ChatGPT needs ‘right to be forgotten’ tools to survive, Italian regulators demand

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ChatGPT's developer OpenAI has been ordered to implement a ‘right to be forgotten’-style policy in the chatbot by the Italian data protection regulator (SA).

Data subject rights were among the most important considerations made by the Italian regulator in deciding ChatGPT’s long-term presence in the country, which has recently been in doubt.

The additional measures that must be implemented, per the Italian SA’s recent address, include the capability for users and non-users to request their personal information be changed if generated in ChatGPT user prompts. 

“OpenAI will have to make available easily accessible tools to allow non-users to exercise their right to object to the processing of their personal data as relied upon for the operation of the algorithms,” the regulator said. 

“The same right will have to be afforded to users if legitimate interest is chosen as the legal basis for processing their data,” it added. 

The measures echo the so-called ‘right to be forgotten' - the data privacy rule that preceded GDPR and was ultimately included in the EU-wide regulations in 2018.

Since Italy banned the use of ChatGPT in the country earlier this month, a move that was branded ‘an overreaction’ by experts, talks have been ongoing between it and OpenAI - ChatGPT’s developer.

The result of these talks has led the California-based firm being given a ‘to-do’ list of changes before it can resume operating in the country. 

OpenAI has been given a deadline of 30 April to comply with the numerous measures set out by the Italian SA. 

These include changes to data processing transparency, the rights of data subjects, the legal basis of data processing for algorithmic training, and safeguards for minors.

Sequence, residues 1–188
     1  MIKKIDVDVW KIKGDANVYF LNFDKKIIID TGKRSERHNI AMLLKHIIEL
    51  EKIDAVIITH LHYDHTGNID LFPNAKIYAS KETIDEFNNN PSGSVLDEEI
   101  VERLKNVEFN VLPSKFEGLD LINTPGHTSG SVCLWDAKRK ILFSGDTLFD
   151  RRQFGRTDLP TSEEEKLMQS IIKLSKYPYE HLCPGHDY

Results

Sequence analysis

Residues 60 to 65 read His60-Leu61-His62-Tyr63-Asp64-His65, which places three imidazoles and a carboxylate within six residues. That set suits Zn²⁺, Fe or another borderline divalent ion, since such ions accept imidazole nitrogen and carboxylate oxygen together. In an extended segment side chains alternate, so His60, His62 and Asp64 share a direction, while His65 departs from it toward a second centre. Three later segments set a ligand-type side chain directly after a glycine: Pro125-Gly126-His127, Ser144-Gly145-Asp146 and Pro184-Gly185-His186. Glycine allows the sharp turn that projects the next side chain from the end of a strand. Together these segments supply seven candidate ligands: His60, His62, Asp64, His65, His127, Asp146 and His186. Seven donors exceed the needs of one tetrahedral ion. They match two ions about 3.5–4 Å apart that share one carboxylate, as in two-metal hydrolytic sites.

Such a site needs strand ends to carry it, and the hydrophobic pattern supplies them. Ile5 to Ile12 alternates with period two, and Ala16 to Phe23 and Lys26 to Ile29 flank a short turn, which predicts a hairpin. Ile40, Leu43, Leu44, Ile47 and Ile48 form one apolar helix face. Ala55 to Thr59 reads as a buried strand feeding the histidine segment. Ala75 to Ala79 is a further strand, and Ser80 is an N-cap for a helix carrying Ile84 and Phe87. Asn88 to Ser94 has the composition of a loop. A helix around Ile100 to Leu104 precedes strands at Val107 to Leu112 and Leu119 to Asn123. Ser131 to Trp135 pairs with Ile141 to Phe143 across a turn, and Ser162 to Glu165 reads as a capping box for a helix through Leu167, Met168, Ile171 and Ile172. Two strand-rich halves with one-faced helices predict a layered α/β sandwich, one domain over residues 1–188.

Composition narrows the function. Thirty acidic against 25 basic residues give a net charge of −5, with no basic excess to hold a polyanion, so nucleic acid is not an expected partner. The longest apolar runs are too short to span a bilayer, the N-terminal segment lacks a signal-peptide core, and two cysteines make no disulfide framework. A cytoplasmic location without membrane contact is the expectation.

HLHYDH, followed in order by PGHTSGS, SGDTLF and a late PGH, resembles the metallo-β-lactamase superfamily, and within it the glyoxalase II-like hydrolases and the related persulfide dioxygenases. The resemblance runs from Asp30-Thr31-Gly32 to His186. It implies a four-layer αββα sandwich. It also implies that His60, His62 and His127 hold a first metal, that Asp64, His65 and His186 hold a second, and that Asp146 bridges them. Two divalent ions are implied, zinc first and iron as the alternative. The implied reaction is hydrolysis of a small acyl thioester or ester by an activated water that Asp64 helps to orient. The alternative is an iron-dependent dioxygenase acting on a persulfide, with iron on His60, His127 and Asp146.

GDPR and data subject rights

Data subject rights outlined under GDPR include eight fundamental tenets, including the right to withdraw consent for the use and processing of personal data. 

Under GDPR, citizens are also entitled to the right to rectification under Article 16 of the legislation, meaning that data subjects can request “inaccurate or outdated personal information be updated or corrected”.


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Similarly, data subjects have the right to be forgotten, or the ‘right to erasure’, which enables them to request that their personal data be deleted.

In this context, the Italian data protection regulator appears concerned that given the potential for personal information to be disclosed via ChatGPT, this poses a risk to Italian citizens and is in breach of GDPR. 

Large language models (LLMs) such as ChatGPT rely on huge volumes of information drawn from the internet to train AI models.

This has posed questions recently over how platforms such as ChatGPT may pose privacy risks - and the generation of incorrect information has been thrust firmly into the spotlight in this regard.

Last week, an Australian mayor mulled the prospect of legal action when ChatGPT generated false information which stated he was imprisoned for bribery.

In reality, Brian Hood, Mayor of Hepburn Shire Council, was a whistleblower and was neither arrested nor convicted on criminal charges.

Regulatory crackdown

Discussions around regulatory safeguards to mitigate the potential dangers of generative AI have raged since the launch of ChatGPT in November last year.

 Earlier this week, US authorities launched a public consultation to explore potential “accountability measures” for companies developing AI systems such as ChatGPT. 

The consultation could guide the development of future US legislation on AI safeguards to ensure responsible use.

Ross Kelly
News and Analysis Editor

Ross Kelly is ITPro's News & Analysis Editor, responsible for leading the brand's news output and in-depth reporting on the latest stories from across the business technology landscape. Ross was previously a Staff Writer, during which time he developed a keen interest in cyber security, business leadership, and emerging technologies.

He graduated from Edinburgh Napier University in 2016 with a BA (Hons) in Journalism, and joined ITPro in 2022 after four years working in technology conference research.

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